Either the Vancouver Canucks or Boston Bruins will be crowned champions tonight. With it, the Conn Smythe Trophy will be awarded as playoff MVP. This prestigious award will put the winner in a class with the most clutch players in the history of the NHL. While only one guy can be the MVP of the whole playoffs, each team had that one player who dragged the team as far as he could. Some teams went out before the play really heated up, but they each had someone to make them competitive. Here are the MVPs for each team.
Should Selanne decide to retire, he’ll have the record for points by a rookie (132) and points in a player’s last season (80). He kept up his scoring pace in the playoffs and was Anaheim’s most consistent player. He had six goals and seven points in six games in a first-round loss to Nashville, recording points in every game. He would finish the series with four power play goals and scored at critical times including single-handedly turning a 2-0 deficit into a tie game in 30 seconds during Game 3 and scoring the game-winning goal in Game 4.
Boston Bruins - Tim Thomas
Thomas will likely win the Conn Smythe Trophy and it will be well deserved. He had a few hiccups, losing the first two games at home to Montreal and allowing at least four goals four times against Tampa Bay. But his stats are only slightly below his record setting numbers in the regular season as he has a .937 save percentage (compared to .938 in the regular season) and a 2.06 goals-against average (compared to 2.00). Since Game 7 against Tampa Bay, he has a .966 save percentage and 1.15 goals-against average. The most telling stat is that he is 10-1 in the playoff when facing at least 35 shots, including making a career high 52 saves in Game 2 of the second round against Philadelphia.
Buffalo Sabres - Marc-Andre Gragnani
Gragnani has yet to secure a permanent spot on the Sabres’ roster, but his playoff showing should go a long way towards helping his cause. He led the team in scoring in their seven-game exit to Philadelphia in the first round with a goal and seven points; his five power play points also led the team. He finished with an even plus-minus rating on a team where there were only three plus players and was rewarded with the third-most ice time on the team (21:53 per game). On the defensive side of the puck, he had 12 blocks (tied for second on the team) and six take-aways (tied for first).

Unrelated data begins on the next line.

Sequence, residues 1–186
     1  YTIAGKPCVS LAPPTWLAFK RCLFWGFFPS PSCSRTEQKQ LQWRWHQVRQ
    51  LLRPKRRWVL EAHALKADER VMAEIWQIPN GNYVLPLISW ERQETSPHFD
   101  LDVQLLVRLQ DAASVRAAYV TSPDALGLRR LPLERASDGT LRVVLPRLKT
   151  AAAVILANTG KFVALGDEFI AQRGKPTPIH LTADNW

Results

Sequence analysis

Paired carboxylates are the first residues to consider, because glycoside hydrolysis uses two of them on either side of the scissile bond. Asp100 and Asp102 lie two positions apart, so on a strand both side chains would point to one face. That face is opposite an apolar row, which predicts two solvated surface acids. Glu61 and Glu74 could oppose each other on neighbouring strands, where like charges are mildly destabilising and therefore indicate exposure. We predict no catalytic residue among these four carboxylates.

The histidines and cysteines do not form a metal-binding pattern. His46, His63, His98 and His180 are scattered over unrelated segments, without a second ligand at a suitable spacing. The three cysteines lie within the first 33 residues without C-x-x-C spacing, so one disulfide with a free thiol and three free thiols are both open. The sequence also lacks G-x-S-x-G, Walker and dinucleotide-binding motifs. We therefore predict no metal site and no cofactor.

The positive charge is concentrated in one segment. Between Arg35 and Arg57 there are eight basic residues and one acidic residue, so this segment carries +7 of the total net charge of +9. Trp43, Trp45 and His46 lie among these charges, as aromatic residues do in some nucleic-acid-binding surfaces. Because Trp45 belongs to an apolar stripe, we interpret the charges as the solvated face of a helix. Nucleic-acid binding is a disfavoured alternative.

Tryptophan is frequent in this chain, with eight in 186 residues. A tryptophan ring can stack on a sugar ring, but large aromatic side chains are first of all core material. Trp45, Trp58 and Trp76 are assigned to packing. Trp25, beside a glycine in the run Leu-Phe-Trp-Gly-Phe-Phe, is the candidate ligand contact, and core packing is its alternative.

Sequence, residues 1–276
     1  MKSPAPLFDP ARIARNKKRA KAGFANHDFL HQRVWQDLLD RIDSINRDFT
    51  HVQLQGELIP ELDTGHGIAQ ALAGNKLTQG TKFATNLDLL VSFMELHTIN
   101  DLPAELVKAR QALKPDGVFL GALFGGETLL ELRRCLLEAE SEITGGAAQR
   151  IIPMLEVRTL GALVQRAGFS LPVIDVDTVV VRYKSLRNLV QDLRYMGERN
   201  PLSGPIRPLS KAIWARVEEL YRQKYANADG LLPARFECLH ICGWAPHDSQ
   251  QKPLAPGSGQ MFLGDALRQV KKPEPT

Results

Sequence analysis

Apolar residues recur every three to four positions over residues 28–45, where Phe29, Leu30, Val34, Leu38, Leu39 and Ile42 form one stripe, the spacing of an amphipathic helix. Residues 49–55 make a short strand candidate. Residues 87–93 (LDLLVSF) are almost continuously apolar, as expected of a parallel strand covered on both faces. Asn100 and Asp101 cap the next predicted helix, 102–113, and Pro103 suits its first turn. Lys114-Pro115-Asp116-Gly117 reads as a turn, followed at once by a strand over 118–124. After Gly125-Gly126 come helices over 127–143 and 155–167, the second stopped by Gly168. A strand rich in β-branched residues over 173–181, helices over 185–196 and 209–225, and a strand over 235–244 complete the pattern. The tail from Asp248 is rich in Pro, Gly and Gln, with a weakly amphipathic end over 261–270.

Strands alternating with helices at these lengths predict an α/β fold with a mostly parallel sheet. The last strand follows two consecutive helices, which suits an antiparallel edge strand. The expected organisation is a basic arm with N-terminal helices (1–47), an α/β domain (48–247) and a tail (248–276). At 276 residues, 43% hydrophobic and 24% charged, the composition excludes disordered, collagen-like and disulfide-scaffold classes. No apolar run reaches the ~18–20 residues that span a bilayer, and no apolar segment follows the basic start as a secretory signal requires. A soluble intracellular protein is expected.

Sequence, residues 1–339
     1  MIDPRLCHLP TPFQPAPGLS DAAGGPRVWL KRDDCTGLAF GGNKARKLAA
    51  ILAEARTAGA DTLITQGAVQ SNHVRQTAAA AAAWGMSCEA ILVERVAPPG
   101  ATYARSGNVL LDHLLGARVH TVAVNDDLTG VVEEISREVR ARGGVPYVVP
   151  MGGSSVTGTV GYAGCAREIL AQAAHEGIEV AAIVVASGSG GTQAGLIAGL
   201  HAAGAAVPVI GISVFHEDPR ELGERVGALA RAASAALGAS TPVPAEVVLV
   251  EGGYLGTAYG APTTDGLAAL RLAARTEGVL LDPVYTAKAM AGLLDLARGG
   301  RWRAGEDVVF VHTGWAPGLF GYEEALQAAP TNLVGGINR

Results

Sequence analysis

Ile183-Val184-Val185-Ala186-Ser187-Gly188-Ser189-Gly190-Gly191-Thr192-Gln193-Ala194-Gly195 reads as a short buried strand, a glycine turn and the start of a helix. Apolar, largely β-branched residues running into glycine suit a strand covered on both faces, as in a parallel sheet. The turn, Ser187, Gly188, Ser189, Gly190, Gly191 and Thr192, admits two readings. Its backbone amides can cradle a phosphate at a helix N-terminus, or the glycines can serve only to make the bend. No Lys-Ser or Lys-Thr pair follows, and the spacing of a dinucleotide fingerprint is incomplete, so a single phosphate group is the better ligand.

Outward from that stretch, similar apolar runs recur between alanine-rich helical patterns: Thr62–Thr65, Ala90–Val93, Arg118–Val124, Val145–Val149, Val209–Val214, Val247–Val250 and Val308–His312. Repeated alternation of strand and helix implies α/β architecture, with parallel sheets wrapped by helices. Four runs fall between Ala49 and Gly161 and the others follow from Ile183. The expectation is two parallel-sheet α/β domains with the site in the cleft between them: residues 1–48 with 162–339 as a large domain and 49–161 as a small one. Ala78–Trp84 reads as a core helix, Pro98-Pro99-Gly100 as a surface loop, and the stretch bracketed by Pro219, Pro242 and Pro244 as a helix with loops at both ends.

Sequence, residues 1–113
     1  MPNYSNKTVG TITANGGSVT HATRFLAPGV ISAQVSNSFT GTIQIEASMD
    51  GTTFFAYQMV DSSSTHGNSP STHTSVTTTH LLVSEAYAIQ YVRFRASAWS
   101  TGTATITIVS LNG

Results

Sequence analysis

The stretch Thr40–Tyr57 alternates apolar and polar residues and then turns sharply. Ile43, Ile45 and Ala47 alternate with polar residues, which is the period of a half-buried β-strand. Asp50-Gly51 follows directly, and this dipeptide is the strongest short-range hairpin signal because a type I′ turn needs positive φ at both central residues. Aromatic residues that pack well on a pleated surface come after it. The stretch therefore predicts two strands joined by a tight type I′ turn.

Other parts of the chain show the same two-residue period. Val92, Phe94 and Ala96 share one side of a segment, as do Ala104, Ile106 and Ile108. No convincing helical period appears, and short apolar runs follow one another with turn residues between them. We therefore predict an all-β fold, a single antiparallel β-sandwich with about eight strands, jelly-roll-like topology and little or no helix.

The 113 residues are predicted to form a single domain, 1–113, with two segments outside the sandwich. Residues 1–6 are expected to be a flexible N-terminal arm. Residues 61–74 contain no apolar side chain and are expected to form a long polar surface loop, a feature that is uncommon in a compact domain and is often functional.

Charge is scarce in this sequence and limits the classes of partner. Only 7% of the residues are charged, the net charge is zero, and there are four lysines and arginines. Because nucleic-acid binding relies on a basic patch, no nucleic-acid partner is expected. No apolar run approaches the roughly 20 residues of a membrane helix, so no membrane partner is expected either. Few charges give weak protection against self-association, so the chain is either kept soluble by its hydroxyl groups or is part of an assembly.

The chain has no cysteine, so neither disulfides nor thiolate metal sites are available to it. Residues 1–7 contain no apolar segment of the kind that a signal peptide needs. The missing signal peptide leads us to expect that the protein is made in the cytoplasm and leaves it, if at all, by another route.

Chicago Blackhawks - Dave Bolland
The Blackhawks were on the verge of being swept by Vancouver when Bolland returned from a concussion in time for Game 4. He recorded four points in a 7-2 drubbing of the Canucks, getting on the board just 1:43 into his first game of the series. He then had two points in Game 6 with both points pulling the Hawks even with Vancouver. His plus-6 led the team and nearly helped the Blackhawks become the fourth team ever, and second in as many years, to rally from a 3-0 deficit.
Detroit Red Wings – Pavel Datsyuk
In 11 games, Datsyuk was held off the scoresheet only once. After a second consecutive underwhelming season, though this time due to injury, he responded with the highest points per game average in the playoffs in his career, posting four goals and 15 points in 11 games and registering the assist on the best goal of the playoffs. His plus-10 rating is the highest of anyone in the playoff not on Boston and he was only a minus once. He was also physical, recording 27 hits and only Ryan Kesler, who has played 13 more games, has more than Datsyuk’s 21 take-aways.
The rookie play very inspired hockey and was the most exciting player on the Kings. He had three goals and 16 hits in six games; he was especially good in Game 5, scoring the game-winning goal. He also played tough, setting the tone for the series with a fight against Ben Eager in Game 1.
Montreal Canadiens – Carey Price
Price was the only reason Montreal had a lead in the series at all. Although he didn’t win a round, he sure went a long way towards shaking his bad playoff reputation; his .934 save percentage is second in the playoffs as is his 2.11 goals-against average. He was the main reason Montreal was able to force Game 7, making 11 saves in the third period and 31 overall as they clung to a 2-1 lead in Game 6.
Nashville Predators – Pekka Rinne
He was a bit inconsistent at times, but also lights out when he had to be. He led Nashville to its first playoff series win in franchise history then bested Roberto Luongo in the best goalie duel of the playoffs in Game 2 of the second round. Vancouver was a much better team, but Rinne made it very difficult for the ‘Nucks to eliminate the Predators. He was pulled in Round 1, but came back to win the next two games against Anaheim. If it wasn’t for Rinne, Nashville gets swept by Vancouver, if they even make it that far.